A series of Early Christian inscribed stones from the 5th and 6th centuries indicate that Christianity, literacy and remnants of Roman administration were being maintained in the west and north of Britain, while the pagan Saxons gradually came to control a mixed population in the greater part of ‘England’. Memorial stones bearing simple crosses or Chi-Rho symbols (a cross made out of the first two letters of Christ’s name in Greek), bear Latin inscriptions recording magistrates, citizens, priests and doctors amongst others. The 6th-century Capel Anelog stones are from a religious community situated near the tip of the Lleyn peninsula and connected with the Celtic monastery on Bardsey Island. The inscriptions translate as: ‘Veracius the priest lies here’ and ‘Senacus the priest lies here with the multitude of the brethren’. This phrase or the misreading of its Roman capital letters as numerals may have led to the tradition of 20,000 saints being buried on Ynys Enlli (Bardsey).
Click to a larger version of Cilgerran Churchyard, Pembrokeshire (Church in Wales): photo © Mick Sharp

Cilgerran Churchyard, Pembrokeshire (Church in Wales): photo © Mick Sharp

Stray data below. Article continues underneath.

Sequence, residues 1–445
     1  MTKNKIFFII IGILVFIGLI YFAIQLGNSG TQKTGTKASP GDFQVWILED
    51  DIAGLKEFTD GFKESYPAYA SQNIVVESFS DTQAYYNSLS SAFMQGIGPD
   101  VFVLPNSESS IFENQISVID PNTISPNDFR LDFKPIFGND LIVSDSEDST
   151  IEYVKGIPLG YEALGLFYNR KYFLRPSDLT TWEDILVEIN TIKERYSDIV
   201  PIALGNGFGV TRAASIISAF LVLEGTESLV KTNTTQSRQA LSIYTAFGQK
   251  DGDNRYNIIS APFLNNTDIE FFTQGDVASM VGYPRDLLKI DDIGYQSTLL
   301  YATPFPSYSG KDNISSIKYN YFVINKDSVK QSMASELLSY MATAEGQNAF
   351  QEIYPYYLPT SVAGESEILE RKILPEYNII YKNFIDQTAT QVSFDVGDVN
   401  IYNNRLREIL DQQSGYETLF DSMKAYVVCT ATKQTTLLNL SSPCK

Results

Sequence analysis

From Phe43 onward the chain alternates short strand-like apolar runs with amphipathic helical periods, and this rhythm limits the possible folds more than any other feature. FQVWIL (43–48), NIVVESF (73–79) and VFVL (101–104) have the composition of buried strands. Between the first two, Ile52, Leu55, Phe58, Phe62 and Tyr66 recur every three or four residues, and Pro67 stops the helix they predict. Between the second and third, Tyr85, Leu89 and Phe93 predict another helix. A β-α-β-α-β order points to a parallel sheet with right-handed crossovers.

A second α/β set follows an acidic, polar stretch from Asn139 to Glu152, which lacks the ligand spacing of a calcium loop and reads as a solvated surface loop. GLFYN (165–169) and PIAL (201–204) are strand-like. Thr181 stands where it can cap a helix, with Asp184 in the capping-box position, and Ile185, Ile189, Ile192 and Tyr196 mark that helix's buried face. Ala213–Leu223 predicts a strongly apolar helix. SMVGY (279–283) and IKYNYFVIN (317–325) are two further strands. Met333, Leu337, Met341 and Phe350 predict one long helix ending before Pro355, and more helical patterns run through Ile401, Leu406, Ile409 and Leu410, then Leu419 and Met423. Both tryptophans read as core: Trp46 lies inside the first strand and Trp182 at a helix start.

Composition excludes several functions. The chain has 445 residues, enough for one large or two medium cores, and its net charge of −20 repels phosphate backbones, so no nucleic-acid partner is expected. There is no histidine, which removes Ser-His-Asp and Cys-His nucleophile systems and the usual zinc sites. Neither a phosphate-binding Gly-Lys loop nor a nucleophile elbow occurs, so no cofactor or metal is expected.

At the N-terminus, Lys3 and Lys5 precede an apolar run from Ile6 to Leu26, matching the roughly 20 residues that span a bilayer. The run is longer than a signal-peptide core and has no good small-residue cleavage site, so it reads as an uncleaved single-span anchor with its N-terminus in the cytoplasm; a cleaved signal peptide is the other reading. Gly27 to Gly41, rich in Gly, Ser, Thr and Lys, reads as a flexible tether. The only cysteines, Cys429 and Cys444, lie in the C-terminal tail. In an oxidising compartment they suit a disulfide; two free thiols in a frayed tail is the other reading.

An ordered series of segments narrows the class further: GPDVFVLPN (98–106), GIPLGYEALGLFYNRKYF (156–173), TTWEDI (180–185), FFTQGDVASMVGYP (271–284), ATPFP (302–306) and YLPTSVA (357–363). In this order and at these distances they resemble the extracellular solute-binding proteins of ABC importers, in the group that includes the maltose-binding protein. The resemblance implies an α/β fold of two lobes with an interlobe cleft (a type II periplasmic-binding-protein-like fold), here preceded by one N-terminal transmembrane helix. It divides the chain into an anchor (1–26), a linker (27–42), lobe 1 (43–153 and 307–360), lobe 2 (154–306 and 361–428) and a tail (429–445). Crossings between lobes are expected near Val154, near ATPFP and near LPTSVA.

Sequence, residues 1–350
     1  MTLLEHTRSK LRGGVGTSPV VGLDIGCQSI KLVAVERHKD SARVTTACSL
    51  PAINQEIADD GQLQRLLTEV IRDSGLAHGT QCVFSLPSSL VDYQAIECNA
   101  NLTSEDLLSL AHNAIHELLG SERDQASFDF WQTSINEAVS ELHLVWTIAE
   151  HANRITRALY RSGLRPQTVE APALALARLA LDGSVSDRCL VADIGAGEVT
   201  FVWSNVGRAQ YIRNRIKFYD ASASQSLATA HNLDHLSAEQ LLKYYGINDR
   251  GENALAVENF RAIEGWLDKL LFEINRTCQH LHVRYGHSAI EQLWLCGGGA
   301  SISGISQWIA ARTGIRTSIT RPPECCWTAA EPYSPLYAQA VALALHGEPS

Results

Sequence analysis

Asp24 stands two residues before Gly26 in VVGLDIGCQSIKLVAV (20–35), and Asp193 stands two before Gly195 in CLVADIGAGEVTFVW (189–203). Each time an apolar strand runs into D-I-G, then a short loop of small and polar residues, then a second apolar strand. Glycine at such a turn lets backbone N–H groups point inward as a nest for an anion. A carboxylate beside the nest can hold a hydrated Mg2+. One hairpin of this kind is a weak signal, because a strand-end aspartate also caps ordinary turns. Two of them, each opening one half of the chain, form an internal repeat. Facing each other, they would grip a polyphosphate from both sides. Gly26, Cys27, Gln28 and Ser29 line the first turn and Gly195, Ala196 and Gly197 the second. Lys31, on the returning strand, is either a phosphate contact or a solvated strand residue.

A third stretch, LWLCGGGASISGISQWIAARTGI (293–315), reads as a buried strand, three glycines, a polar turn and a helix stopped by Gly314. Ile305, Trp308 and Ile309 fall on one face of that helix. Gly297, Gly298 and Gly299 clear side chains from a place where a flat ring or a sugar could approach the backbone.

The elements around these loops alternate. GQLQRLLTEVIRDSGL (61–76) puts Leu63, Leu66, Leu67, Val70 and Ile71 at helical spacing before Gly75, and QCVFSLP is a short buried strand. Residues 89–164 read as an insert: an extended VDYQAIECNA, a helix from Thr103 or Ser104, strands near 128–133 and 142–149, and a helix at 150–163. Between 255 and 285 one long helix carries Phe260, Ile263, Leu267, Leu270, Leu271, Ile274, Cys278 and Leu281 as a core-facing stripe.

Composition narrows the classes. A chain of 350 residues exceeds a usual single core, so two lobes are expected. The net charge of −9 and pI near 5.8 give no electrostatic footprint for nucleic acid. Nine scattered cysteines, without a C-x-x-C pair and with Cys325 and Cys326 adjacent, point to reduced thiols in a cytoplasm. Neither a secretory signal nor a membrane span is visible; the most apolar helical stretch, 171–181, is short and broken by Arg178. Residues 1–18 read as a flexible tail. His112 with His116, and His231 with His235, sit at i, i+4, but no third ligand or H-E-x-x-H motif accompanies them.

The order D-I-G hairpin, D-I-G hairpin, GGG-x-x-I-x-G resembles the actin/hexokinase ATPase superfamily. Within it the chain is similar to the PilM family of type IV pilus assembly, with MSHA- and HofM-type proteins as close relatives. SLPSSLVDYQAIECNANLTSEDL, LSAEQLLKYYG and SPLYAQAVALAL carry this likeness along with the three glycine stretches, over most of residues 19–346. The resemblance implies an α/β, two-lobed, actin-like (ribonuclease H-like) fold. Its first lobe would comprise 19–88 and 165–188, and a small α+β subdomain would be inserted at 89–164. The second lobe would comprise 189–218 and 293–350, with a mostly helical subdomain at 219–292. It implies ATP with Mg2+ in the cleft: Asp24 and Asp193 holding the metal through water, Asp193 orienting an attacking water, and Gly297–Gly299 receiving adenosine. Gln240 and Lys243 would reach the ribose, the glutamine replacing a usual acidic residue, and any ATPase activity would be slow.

This 6th or early 7th century inscribed stone in St Llawdog’s churchyard tells us, in Latin and ogham, that ‘Trenenussus (Trenegussus) the son of Macutrenus (Macutreni) lies here. Ogham is an Irish alphabet of 21 letters denoted by short strokes along a central line or stone edge. The Romans called the Irish Scotti: pirates or plunderers. They raided western Britain for booty, cattle and slaves, and settled in Anglesey and south-west Wales in particular as ogham inscriptions, personal and place-names attest. St Patrick, a Briton, was first taken to Ireland as a slave but he escaped and returned as a missionary. Roving Irish priests and monks then helped to keep the flame of ‘Celtic Christianity’ alight and spreading. At the time of the Roman exodus, people in Britain spoke ‘Brittonic’ (Brythonic or P-Celtic) as well as Latin to which it was similar. By around 700 the people in ‘Wales’ were speaking something recognisable as ‘Welsh’: the personal name Maglocunos had become Maelgwyn. The Germanic invaders were known by their name for a knife, saex or sax, which survives today in the modern Welsh and Scottish terms Saes and Sassenach. Wales and Welsh come from the Germanic term Wealhas meaning foreigners or, more kindly and specifically, Romanized people. Cymru, Cymry and Cymraig; Wales, the Welsh and the Welsh language derive from the Brittonic word Combrogi for ‘fellow-countryman. Cumbria, part of the old Brythonic kingdom of Rheged, also comes from this root.